On July 9, President Joe Biden issued an executive order on promoting competition in the American economy (the order). According to the fact sheet accompanying the order, “in over 75% of U.S. industries, a smaller number of large companies now control more of the business than they did 20 years ago … the lack of competition drives up prices for consumers.” The order goes on to state that “when there are only a few employers in town, workers have less opportunity to bargain for a higher wage and to demand dignity and respect in the workplace.” “Inadequate competition holds back economic growth and innovation.” Further, “tens of millions of Americans … are required to sign noncompete agreements as a condition of getting a job, which makes it harder for them to switch to better-paying options.” Among other things, the order is intended to limit noncompete agreements and increase opportunities for small businesses by directing federal agencies to promote greater competition. Although the order is not aimed solely at the liquor industry, it will certainly impact the beer, wine and spirits markets.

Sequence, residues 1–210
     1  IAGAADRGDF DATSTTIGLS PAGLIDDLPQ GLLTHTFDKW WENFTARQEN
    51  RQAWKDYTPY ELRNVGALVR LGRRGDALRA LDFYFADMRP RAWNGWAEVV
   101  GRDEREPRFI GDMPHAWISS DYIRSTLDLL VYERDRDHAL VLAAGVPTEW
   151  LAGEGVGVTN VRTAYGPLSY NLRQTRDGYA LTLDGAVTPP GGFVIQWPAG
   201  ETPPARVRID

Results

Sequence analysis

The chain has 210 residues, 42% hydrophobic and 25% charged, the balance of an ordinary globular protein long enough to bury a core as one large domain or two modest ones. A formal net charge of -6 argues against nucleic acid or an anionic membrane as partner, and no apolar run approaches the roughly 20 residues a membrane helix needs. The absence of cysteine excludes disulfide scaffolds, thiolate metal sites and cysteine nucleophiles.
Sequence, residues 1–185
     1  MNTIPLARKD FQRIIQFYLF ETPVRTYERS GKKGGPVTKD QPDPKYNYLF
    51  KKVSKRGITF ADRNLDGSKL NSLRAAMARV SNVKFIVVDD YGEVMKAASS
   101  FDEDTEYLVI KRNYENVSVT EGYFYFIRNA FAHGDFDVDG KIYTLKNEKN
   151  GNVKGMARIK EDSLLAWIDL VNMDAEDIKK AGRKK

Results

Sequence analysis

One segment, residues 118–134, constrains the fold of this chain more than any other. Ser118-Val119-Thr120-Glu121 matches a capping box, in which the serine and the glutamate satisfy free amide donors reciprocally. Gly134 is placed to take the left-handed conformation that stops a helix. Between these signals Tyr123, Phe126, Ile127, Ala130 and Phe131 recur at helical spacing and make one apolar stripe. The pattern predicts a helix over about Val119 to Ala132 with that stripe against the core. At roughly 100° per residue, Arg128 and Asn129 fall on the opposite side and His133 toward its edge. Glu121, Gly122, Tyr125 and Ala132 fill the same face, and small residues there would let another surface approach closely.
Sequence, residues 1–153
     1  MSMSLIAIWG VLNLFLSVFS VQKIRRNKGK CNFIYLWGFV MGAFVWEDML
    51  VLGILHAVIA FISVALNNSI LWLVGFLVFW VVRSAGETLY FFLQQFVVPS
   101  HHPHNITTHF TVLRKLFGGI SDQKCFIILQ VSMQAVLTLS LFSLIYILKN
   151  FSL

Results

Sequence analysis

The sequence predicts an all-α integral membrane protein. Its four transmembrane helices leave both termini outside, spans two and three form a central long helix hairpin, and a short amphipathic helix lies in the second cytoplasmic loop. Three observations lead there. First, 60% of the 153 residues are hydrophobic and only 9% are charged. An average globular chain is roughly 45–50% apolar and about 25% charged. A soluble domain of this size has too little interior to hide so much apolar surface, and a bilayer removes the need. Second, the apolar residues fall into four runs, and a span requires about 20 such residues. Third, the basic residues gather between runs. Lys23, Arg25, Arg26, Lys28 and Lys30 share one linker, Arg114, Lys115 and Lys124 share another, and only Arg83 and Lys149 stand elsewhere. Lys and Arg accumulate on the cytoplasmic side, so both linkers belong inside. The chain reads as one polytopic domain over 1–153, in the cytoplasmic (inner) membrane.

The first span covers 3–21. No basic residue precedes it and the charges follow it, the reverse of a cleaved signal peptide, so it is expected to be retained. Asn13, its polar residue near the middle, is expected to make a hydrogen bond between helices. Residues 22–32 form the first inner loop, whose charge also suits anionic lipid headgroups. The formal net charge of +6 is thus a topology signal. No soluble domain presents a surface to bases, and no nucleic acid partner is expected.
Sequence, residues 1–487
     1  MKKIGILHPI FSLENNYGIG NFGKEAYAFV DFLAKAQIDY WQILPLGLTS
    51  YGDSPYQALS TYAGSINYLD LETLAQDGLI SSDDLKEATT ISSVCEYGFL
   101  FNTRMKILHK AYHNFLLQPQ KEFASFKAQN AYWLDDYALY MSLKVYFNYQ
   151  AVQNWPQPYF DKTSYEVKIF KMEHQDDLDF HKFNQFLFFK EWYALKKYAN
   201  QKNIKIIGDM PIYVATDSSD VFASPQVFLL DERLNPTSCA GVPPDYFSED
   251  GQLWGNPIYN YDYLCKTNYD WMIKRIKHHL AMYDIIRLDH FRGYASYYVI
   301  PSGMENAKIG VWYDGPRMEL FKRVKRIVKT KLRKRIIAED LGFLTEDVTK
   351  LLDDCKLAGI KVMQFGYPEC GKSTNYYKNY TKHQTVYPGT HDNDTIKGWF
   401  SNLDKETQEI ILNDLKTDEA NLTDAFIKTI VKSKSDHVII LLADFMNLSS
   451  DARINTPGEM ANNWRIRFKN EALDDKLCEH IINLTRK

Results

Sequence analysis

The order outlines several actions that will be taken by various federal agencies that are designed to promote competition throughout the U.S. economy and provide opportunities to small businesses to compete against larger actors in the market. Section 5(j) of the order directs the Secretary of Treasury, in consultation with the Attorney General and the Chair of the FTC, to submit a written report “assessing the current market structure and conditions of competition, including an assessment of any threats to competition and barriers to new entrants any unlawful trade practices in the beer, wine, and spirits markets, such as certain exclusionary, discriminatory, or anticompetitive distribution practices, that hinder smaller and independent businesses or new entrants from distributing their products; patterns of consolidation in production, distribution, or retail beer, wine, and spirits markets; and any unnecessary trade practice regulations of matters such as bottle sizes, permitting, or labeling that may unnecessarily inhibit competition by increasing costs without serving any public health, informational or tax purpose.” Upon completion of this assessment, the Secretary of the Treasury, through the administrator of the Alcohol and Tobacco Tax and Trade Bureau, will be required to consider: “initiating a rulemaking to update the Alcohol and Tobacco Tax and Trade Bureau’s trade practice regulations; rescinding or revising any regulations of the beer, wine, and spirits industries that may unnecessarily inhibit competition; and reducing any barriers that impede market access for smaller and independent brewers, winemakers, and distilleries.” Per the order, the Department of Treasury; Alcohol and Tobacco Tax and Trade Bureau recently published a Request for Information to “solicit input regarding the current market structure and conditions of competition in the American markets for beer, wine, and spirits, including an assessment of any threats to competition and barriers to new entrants.” So, what does this mean for the beer, wine and liquor markets?